Purpose: To demonstrate that a nonbiologic strabismus surgery simulator is not inferior to a biologic wet lab for teaching the key steps of strabismus surgery. Methods: A total of 41 medical students were randomly assigned to one of two groups: biologic wet lab or nonbiologic simulator. The students trained according to the group's protocol then participated in a recorded final assessment using a realistic strabismus surgery model. Two independent reviewers, masked to training method, graded the video recordings using three scoring systems: the International Council of Ophthalmology Approved-Ophthalmology Surgical Competency Assessment Rubric for Strabismus Surgery (ICO-OSCAR), the Global Rating Scale of Objective Structured Assessment of Technical Skills (OSATS), and the Alphabetic Summary Scale (ASS). Results: The primary endpoint, total ICO-OSCAR score, was 36.7 ± 2.2 for the wet lab group and 36.0 ± 2.7 for the nonbiologic group (difference in means, −0.7; one-sided 95% CI, −2.0, ∞). The lower bound of the one-sided 95% confidence interval for the difference in mean scores was −2.0, which was greater than the a priori noninferiority margin of −5.0 points. The secondary outcome measure, mean total OSATS score and ASS score, revealed no statistical significant differences between training methods (P = 0.73 and P = 0.44, resp.). Conclusions: The simple, nonbiologic strabismus surgery simulator is not inferior to the biologic wet lab with respect to total ICO-OSCAR score. It is a portable, inexpensive, and effective training tool for novice surgeons.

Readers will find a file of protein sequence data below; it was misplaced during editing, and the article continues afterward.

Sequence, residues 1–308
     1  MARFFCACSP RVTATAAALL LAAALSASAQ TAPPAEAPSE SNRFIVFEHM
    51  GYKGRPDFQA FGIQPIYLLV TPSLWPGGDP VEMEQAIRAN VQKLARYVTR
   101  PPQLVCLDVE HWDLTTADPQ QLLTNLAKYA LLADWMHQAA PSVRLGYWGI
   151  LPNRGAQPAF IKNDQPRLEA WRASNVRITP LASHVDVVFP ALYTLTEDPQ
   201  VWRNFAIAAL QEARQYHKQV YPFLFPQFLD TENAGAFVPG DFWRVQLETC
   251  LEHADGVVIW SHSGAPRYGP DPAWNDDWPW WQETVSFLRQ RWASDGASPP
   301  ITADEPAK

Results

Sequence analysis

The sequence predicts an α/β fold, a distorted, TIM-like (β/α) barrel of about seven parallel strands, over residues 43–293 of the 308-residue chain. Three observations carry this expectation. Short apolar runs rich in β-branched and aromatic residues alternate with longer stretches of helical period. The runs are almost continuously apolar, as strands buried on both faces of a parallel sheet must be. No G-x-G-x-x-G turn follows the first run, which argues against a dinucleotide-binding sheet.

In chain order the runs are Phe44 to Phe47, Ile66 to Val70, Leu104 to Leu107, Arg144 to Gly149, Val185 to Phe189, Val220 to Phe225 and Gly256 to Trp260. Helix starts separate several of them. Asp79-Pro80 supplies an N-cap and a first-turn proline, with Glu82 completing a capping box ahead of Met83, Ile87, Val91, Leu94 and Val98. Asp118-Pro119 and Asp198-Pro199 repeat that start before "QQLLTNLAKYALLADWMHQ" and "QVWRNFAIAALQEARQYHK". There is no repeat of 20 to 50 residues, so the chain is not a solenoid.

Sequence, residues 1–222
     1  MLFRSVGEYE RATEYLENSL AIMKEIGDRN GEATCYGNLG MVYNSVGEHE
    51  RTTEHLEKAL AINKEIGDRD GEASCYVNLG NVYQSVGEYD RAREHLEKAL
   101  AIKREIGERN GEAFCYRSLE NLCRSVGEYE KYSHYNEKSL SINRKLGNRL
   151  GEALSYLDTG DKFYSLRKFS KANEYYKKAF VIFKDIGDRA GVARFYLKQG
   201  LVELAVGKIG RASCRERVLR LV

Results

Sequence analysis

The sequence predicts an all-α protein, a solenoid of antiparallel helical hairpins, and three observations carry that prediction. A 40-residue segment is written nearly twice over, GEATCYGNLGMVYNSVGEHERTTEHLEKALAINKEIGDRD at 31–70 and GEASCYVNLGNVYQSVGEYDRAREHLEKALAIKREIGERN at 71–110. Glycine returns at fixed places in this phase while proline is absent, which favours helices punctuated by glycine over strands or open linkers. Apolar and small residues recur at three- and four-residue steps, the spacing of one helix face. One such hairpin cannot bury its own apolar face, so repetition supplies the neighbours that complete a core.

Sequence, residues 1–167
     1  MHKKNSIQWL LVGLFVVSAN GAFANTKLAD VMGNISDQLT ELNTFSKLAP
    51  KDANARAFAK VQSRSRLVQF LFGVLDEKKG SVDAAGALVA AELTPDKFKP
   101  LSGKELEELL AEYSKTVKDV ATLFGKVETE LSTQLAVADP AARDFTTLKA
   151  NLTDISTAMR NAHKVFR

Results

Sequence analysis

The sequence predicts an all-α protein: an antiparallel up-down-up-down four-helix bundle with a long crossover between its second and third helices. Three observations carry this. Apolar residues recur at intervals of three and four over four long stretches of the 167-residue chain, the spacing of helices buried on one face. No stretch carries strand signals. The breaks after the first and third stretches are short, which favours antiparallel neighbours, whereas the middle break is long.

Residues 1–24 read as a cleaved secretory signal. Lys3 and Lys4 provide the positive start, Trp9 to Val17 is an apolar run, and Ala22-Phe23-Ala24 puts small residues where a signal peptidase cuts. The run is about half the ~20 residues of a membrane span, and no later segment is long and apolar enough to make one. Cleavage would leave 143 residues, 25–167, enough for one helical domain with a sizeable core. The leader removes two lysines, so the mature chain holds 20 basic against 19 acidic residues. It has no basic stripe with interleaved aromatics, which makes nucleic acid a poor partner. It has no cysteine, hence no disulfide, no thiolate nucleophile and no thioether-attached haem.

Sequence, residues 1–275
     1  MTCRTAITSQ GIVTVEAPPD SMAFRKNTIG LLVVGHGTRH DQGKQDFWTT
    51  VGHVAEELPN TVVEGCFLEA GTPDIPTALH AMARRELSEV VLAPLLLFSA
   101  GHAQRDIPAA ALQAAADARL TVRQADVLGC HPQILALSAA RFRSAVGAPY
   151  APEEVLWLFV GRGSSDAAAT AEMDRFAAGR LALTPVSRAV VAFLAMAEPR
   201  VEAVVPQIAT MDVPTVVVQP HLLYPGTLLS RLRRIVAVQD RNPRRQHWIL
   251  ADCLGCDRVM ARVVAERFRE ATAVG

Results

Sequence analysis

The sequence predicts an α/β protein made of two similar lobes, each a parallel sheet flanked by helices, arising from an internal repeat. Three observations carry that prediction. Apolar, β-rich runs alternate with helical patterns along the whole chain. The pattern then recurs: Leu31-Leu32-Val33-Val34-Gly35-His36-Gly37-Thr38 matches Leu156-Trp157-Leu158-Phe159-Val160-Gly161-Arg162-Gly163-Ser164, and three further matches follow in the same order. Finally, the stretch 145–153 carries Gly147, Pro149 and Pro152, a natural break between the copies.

All Science Journal Classification (ASJC) codes
- Pediatrics, Perinatology, and Child Health